Solar Terrestrial Activity Report

Last update issued on May 1, 2003 at 03:15 UTC.

[Solar and geomagnetic data - last 4 weeks (updated daily)]
[Solar wind and electron fluence charts (updated daily)]
[Solar cycles 21-23 (last update April 2, 2003)]
[Solar cycles 1-20]
[Graphical comparison of cycles 21, 22 and 23 (last update April 2, 2003)]
[Graphical comparison of cycles 10, 13, 17, 20 and 23 (last update April 2, 2003)]
[Historical solar and geomagnetic data charts 1954-2003 (last update April 13, 2003)]
[Archived reports (last update April 28, 2003)]

Recent activity

The geomagnetic field was active to major storm on April 30. Solar wind speed ranged between 490 and 684 km/sec. The interplanetary magnetic field appeared to be under the combined influence of a high speed stream from coronal hole CH37 and the CME based disturbance which dominated the IMF on April 29.

Solar flux measured at 20h UTC on 2.8 GHz was 153.5. The planetary A index was 40 (STAR Ap - based on the mean of three hour interval ap indices: 40.8).
Three hour interval K indices: 56554445 (planetary), 56543444 (Boulder).

The background x-ray flux is at the class B5 level.

At midnight there were 9 spotted regions on the visible disk. Solar flare activity was low. A total of 2 C class events was recorded during the day. A C1.0 long duration event peaking just after 18h UTC was associated with a filament eruption just west of region 10345. This event may have caused a small CME but I haven't been able to confirm that yet.

Region 10337 decayed quickly and is rotating over the southwest limb.
Region 10344 decayed further. The leading penumbra is about to split into two penumbrae.
Region 10345 was mostly unchanged and quiet.
Region 10346 was quiet and stable.
Region 10348 decayed slowly and lost the leader spots. The region could soon become spotless.
Region 10349 continued to add penumbral area and has become a huge region. The magnetic field layout is still relatively simple for such a large region. The only area showing any degree of complexity is in the central spots section where a weak delta structure could be developing. The region is capable of producing X class flares but will likely need to become more complex for that to happen. Any major flare over the next few days would likely be associated with a large geoeffective CME. Flare: C1.0 at 01:28 UTC.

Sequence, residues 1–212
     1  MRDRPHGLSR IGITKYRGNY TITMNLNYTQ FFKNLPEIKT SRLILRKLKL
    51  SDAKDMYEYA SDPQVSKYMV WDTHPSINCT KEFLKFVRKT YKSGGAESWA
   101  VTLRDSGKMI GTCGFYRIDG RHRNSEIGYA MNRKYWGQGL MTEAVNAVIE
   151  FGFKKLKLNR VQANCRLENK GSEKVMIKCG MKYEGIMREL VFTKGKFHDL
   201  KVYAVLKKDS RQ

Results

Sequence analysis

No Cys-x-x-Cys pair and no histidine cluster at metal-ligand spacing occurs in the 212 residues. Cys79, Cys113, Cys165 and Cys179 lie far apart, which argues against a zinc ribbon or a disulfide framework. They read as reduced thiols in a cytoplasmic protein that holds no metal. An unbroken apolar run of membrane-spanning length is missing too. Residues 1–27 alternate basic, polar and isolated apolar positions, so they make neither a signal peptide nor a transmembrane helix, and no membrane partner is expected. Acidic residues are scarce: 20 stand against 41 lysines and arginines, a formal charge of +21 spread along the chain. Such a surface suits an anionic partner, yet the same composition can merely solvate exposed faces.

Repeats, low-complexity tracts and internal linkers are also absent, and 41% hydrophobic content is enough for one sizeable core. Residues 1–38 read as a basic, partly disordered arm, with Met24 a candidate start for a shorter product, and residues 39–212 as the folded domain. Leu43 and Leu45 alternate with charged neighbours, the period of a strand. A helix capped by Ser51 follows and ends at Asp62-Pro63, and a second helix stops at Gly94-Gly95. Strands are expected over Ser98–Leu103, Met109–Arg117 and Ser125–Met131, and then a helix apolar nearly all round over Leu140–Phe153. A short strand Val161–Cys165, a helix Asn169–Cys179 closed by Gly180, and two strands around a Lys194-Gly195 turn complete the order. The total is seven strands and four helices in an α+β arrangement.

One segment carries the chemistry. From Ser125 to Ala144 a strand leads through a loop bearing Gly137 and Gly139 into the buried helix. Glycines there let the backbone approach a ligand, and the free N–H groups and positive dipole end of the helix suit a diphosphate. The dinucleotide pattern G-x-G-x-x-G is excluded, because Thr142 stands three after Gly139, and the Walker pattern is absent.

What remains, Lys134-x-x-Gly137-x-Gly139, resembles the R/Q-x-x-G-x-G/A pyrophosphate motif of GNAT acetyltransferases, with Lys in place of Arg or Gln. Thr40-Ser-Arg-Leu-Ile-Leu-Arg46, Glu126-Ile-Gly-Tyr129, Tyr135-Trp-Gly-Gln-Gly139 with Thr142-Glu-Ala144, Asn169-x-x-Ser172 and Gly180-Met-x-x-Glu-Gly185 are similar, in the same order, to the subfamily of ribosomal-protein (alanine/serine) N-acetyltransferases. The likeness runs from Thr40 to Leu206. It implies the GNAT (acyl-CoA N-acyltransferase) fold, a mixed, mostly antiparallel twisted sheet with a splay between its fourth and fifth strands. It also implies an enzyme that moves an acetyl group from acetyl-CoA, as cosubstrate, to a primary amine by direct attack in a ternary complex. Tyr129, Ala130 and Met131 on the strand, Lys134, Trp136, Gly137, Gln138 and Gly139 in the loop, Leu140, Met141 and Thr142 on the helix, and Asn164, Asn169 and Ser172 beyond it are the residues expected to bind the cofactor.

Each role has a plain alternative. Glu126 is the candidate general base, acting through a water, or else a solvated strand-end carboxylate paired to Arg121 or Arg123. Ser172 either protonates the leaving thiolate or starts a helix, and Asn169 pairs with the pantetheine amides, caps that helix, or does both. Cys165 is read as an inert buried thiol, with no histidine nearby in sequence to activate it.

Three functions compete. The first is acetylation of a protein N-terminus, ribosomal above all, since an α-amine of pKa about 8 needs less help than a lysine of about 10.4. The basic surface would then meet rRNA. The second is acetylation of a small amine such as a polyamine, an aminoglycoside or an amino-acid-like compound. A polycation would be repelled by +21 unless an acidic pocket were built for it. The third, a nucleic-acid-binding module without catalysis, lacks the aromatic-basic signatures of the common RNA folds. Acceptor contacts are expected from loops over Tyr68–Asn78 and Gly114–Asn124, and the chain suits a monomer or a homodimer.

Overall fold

New region 10350 emerged on April 28 and was numbered by SEC two days later, or rather, the region was initially numbered region 10340 on April 29. Realizing their mistake SEC renumbered the region. The region decayed slowly on April 30.
New region 10351 rotated into view at the northeast limb.

Spotted regions not yet numbered by SEC/NOAA:
[S148] A new region emerged early on April 30 in hot plage in the southeast quadrant. Location at midnight: S24E52.

Coronal mass ejections (CMEs)

April 28-30: No obviously geoeffective CMEs observed.

Coronal holes

Coronal hole history (since late October 2002)
Compare today's report with the situation one solar rotation ago: 28 days ago 27 days ago 26 days ago

A recurrent coronal hole (CH38) in the southern hemisphere will rotate into a geoeffective position on May 3-5.

Processed SOHO EIT 284 image at 19:06 UTC on April 30. Any black areas on the solar disk are likely coronal holes.